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Ms-Mf 온도 영역에서 일어나는 저탄소강의 등온 상변이 연구

Ms-Mf 온도 영역에서 일어나는 저탄소강의 등온 상변이 연구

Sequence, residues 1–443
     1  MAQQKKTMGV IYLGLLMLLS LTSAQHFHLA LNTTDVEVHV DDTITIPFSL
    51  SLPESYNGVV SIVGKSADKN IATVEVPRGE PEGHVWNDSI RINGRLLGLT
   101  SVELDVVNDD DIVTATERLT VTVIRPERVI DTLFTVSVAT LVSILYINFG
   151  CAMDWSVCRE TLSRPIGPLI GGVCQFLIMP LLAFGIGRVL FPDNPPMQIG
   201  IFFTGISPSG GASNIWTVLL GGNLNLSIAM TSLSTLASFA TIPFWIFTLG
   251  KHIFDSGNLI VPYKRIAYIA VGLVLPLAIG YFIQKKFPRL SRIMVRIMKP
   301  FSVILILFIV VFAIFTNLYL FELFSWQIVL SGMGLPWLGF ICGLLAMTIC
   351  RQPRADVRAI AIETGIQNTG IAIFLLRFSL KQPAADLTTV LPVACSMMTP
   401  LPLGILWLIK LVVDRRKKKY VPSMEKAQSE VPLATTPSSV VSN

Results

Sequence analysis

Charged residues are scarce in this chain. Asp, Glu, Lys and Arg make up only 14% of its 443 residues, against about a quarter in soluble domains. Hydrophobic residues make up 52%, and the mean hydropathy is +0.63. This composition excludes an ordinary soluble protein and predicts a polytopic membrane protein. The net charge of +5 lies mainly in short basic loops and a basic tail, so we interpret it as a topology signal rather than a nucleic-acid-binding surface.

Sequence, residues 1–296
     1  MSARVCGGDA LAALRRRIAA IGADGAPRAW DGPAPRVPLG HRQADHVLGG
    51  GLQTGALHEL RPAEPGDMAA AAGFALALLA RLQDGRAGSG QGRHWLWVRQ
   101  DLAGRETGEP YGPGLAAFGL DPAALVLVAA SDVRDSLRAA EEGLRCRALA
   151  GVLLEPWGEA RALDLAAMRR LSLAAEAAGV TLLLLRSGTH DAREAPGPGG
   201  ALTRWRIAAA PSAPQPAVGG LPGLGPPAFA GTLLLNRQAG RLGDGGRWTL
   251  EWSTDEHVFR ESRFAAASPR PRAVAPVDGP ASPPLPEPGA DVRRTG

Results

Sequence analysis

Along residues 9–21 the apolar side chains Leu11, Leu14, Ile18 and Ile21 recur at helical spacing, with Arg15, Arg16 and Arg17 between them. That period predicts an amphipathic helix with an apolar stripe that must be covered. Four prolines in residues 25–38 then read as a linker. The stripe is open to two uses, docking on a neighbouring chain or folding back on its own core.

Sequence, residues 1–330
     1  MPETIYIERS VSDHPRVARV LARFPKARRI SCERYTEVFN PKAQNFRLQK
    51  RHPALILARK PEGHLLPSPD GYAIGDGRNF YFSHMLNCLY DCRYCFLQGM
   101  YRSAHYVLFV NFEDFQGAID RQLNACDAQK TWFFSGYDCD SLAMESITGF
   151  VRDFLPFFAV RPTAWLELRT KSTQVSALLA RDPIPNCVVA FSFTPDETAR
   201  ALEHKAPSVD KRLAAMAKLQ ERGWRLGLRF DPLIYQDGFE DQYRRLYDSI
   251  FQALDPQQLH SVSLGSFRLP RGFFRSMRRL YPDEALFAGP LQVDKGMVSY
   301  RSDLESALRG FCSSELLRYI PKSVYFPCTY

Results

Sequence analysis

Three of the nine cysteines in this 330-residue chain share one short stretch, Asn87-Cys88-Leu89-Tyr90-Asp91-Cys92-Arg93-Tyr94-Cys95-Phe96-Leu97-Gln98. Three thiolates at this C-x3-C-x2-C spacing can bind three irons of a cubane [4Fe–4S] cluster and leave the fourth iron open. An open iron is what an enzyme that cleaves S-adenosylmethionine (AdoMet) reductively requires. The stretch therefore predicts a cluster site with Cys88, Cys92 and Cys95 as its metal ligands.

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An isothermal transformation below the MS temperature was observed during the ‘Quenching and Partitioning’ (Q&P) processing of low-carbon, lean-alloyed steels. The main concept of the Q&P processing is to stabilize a optimal amount of austenite at room temperature by carbon partitioning after quenching to a temperature between the MS and Mf temperature to produce a controlled amount of athermal martensite. The observation of an isothermal transformation during Q&P processing is an interesting phenomenon because the transformation is generally expected to stop when the quenching for the athermal martensitic transformation is interrupted at a temperature in the MS to Mf temperature range. The transformation is not, however, halted when the cooling is interrupted at the quenching temperature. Instead, the transformation continues isothermally for all quenching temperatures in the MS - Mf temperature range. In the present work, the comparison of the microstructure produced by this isothermal decomposition of austenite with that of athermal martensite and lower bainite was done using qualitative and quantitative analysis methods which are able to clarify the nature of the isothermal transformation products formed in the MS–Mf temperature range.The kinetics of both the isothermal transformation below the MS temperature and the bainitic transformation was examined by analysis of dilatometry data. The thermal cycle for the isothermal transformation and the bainitic transformation was simulated in a dilatometer and the thermal dilatation data was fit to a Johnson-Mehl-Avrami-Kolmogorov (JMAK) equation to obtain the kinetics parameters. It was found that the activation energy for the isothermal transformation was less than 50 kJ/mol, which is lower than for the bainitic transformation, 80 kJ/mol. Also, the difference in the kinetics exponent implies that there is a difference in the dimension of the basic unit growing during the transformation.The morphology and orientation relationship of the athermal martensite, the isothermal product, and the lower bainite were also investigated systematically by light microscopy and the electron-backscattered diffraction (EBSD) technique. Characteristic packet-block morphologies of the three transformation products and their different distribution of carbide and retained austenite were studied by optical microscopy and scanning electron microscopy (SEM). Pole figure maps obtained by EBSD analysis showed that all three transformation products follow the Nishiyama-Wasserman (N-W) orientation relationship between the parent austenite and the product phase. Moreover, a considerable difference in structure of the constituent units was observed in transmission electron microscopy (TEM). The athermal martensite and lower bainite consisted of the well-known long and narrow lath-like units with straight boundaries. Shorter units accumulated along the longitudinal direction in the case of lower bainite. In the isothermal product the units were as long as those in the athermal martensite but thicker in width. The unit boundaries were curved, and displayed clear ledged in some cases. The orientation angle between adjacent units was larger than in the case of athermal martensite or lower bainite.Mechanical spectroscopy measurement was used to examine the microstructural differences of three transformation products. The internal friction (IF) spectrum gave valuable information about the interaction between solute atoms and dislocations. All three transformation products showed two clear IF peaks, a dislocation-enhanced Snoek (DES) peak for carbon diffusion in the distorted lattice around 373 K (100 °C) and a Snoek-Köster (S-K) peak related to the interaction of solute carbon atoms with the kink pair formation on screw dislocations around 573 K (300 °C) for a test frequency of about 1000 Hz. By fitting the IF peaks to broadened Debye peaks, it was found that the dislocation density, the number of pre-existing kinks on edge dislocations, and the amount of solute carbon atoms segregated to dislocations was highest in athermal martensite due to the easier carbon diffusion in the severely dislocated lattice. In contrast, the lower bainite had the smallest number of kinks, dislocations, and solute carbon content due to the recovery and the partitioning of carbon occurring during the bainitic transformation. The features of the isothermal transformation product formed in the MS–Mf temperature range were between those of the athermal martensite and the lower bainite.X-ray diffraction (XRD) analysis supported the findings obtained by the IF technique. XRD results of athermal martensite, the isothermal product, and lower bainite were compared by means of the modified Williamson-Hall (W-H) method to compare the dislocation density in the three microstructures. It was shown that the dislocation density was the highest in the case of the athermal martensite and the lowest in the case of lower bainite. The lattice parameter of the athermal martensite was also largest due to the presence of large amount of solute carbon atoms trapped in the octahedral sites of the body-centered cubic (bcc) lattice. The findings of the XRD analysis agreed exactly with those of the IF spectra analysis. It was also found that 3 vol-% of retained austenite was present in the case of the isothermal product and lower bainite. This implies that carbon atoms diffuse to the untransformed adjacent austenite. This results in austenite stabilization during both transformations whereas a negligible amount of retained austenite was found in athermal martensite.In the present work, athermal martensite and lower bainite were examined systematically based on the general description of those displacive transformation products to clarify the nature of the isothermal transformation below the MS temperature observed during Q&P processing. The quantitative analysis of the isothermal transformation revealed that the properties of this microstructure were in between that of athermal martensite and lower bainite. This can be attributed mainly to the transformation temperature, as the transformation temperature 390 °C is high enough for a considerable degree of recovery and carbon diffusion. As a result, the properties of the microstructural features such as dislocations and retained austenite are in between those of athermal martensite (negligible recovery and carbon partitioning) and lower bainite (considerable amount of recovery and carbon diffusion). The qualitative analysis result, however, showed characteristic features of the isothermal product even though EBSD pole figure analysis and OM/SEM micrographs showed similarity in orientation relationship and general morphology, respectively. Detailed TEM micrographs analysis revealed that the constituent unit of the isothermal product was stretched from one end to another end in a packet like athermal martensite, which was about 1 μm in thickness with wavy and ledged-type boundaries. The multi-variant carbide particles were also found in the isothermal product comparable to what is seen for athermal martensite.In practice, the athermal martensite and the lower bainite are difficult to distinguish in a low-carbon, lean-alloyed steel because the constituent unit is lath-like in both cases and the carbide distribution changes according to the carbon and silicon contents. It would appear, therefore, that it is difficult to conclude whether the isothermal transformation below the MS temperature is martensitic of bainitic. Nevertheless, the approach used in the present work based on the general definition of athermal martensite and lower bainite, and a systematic investigation to compare the microstructural difference showed that the isothermal transformation below the MS temperature observed during the Q&P processing is more martensitic than bainitic in spite of the carbon partitioning during the gradual isothermal reduction of the austenite phase fraction at relatively high temperature.